15. Sandbag Clean & Press
Start in a squat position with the sandbag at your feet. Bending at the elbows, flip the bag upward to touch your chest. Then squat and raise the sandbag over your head. Finish by dropping the sandbag onto the ground, and repeat.
Now, watch all of the moves in action!
Whether you’re looking to improve mobility, strength, conditioning, or overall fitness, the burpee is a fine choice. But it’s not the only one, or even the best one. If you’re getting tired of burpees, or just want to try something new for a change, give the exercises from today’s post a trial run. I think you’ll like them. Or maybe you’ll hate them, which means they’re probably working.
Let’s hear from you down below. Have you done any of these exercises? How do they compare to burpees? Got any other suggestions for people sick of the burpee?
Thanks for reading, everyone. Take care.
Prefer listening to reading? Get an audio recording of this blog post, and subscribe to the Primal Blueprint Podcast on iTunes for instant access to all past, present and future episodes here.
The post 13 Alternatives to Burpees for When You’re Tired of Doing Burpees appeared first on Mark’s Daily Apple.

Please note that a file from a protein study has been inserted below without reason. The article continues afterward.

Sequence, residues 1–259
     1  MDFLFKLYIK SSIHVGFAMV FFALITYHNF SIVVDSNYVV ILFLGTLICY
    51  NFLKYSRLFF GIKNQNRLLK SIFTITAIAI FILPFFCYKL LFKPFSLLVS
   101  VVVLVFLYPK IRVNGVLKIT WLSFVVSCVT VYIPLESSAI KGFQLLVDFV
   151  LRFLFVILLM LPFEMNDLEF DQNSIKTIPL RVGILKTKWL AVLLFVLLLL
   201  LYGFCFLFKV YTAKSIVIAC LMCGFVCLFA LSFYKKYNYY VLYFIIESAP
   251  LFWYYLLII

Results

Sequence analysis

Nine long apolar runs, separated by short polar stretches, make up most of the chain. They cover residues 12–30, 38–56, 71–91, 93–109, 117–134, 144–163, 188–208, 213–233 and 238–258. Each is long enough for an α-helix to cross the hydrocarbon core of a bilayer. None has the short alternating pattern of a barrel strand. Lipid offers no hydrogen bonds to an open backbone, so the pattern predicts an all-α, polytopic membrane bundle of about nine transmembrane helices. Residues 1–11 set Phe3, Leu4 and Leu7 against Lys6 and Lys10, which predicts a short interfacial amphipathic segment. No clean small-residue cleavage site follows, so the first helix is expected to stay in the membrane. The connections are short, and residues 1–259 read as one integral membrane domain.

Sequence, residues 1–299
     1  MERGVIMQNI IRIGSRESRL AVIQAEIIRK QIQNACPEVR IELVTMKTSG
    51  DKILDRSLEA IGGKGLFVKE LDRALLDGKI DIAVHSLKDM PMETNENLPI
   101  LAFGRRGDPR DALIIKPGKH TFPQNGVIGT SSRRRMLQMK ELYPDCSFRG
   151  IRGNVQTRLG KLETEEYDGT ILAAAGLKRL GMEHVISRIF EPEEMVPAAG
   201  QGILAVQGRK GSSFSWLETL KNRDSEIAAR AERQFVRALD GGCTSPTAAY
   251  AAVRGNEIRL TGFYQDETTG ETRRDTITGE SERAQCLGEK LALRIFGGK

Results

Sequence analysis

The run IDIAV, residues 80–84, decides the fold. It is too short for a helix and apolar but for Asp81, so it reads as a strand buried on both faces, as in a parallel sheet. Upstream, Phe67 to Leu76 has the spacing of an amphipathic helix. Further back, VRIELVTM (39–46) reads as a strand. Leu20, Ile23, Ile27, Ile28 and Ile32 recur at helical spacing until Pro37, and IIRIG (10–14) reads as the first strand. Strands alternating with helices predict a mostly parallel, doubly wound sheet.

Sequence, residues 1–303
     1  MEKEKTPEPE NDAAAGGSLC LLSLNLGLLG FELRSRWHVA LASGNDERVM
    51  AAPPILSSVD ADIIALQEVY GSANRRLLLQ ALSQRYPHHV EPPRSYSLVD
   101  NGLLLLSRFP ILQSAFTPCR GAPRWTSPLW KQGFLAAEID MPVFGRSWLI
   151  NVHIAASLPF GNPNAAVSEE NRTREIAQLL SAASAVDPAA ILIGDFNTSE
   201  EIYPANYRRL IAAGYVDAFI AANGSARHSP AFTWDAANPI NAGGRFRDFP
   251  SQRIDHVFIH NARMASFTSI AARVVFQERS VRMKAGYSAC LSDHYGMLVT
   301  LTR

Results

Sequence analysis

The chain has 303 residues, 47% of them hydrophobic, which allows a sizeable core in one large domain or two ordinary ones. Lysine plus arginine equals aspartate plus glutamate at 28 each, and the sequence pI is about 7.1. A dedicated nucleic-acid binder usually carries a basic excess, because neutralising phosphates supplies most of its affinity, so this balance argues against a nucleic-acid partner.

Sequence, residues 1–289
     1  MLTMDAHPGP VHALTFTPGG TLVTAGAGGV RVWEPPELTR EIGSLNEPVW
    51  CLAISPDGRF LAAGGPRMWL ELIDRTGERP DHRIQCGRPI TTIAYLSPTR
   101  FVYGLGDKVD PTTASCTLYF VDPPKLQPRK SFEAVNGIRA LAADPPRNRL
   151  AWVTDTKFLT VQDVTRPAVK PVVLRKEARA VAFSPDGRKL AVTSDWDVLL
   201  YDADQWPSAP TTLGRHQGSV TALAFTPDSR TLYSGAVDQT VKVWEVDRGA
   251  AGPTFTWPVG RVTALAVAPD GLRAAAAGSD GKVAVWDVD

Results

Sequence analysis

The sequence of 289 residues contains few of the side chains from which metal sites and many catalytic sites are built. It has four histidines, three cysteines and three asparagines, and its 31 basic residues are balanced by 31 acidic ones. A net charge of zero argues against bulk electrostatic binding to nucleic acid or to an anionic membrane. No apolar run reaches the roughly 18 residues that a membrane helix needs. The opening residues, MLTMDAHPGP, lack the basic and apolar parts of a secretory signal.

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As great as back squats are for strength, general fitness, and body composition, sometimes they just don’t work for a person. Maybe they cause knee, shoulder, or wrist pain. Maybe someone’s body proportions aren’t conducive to proper back squatting. Maybe their legs are too long to achieve good depth without compromising position. While there are dozens of articles imploring you to mobilize this or that joint and work out the kinks in this or that muscle so that the back squat will work, and those can be very informative and helpful, some people just don’t want to back squat. For whatever reason, it doesn’t work for them.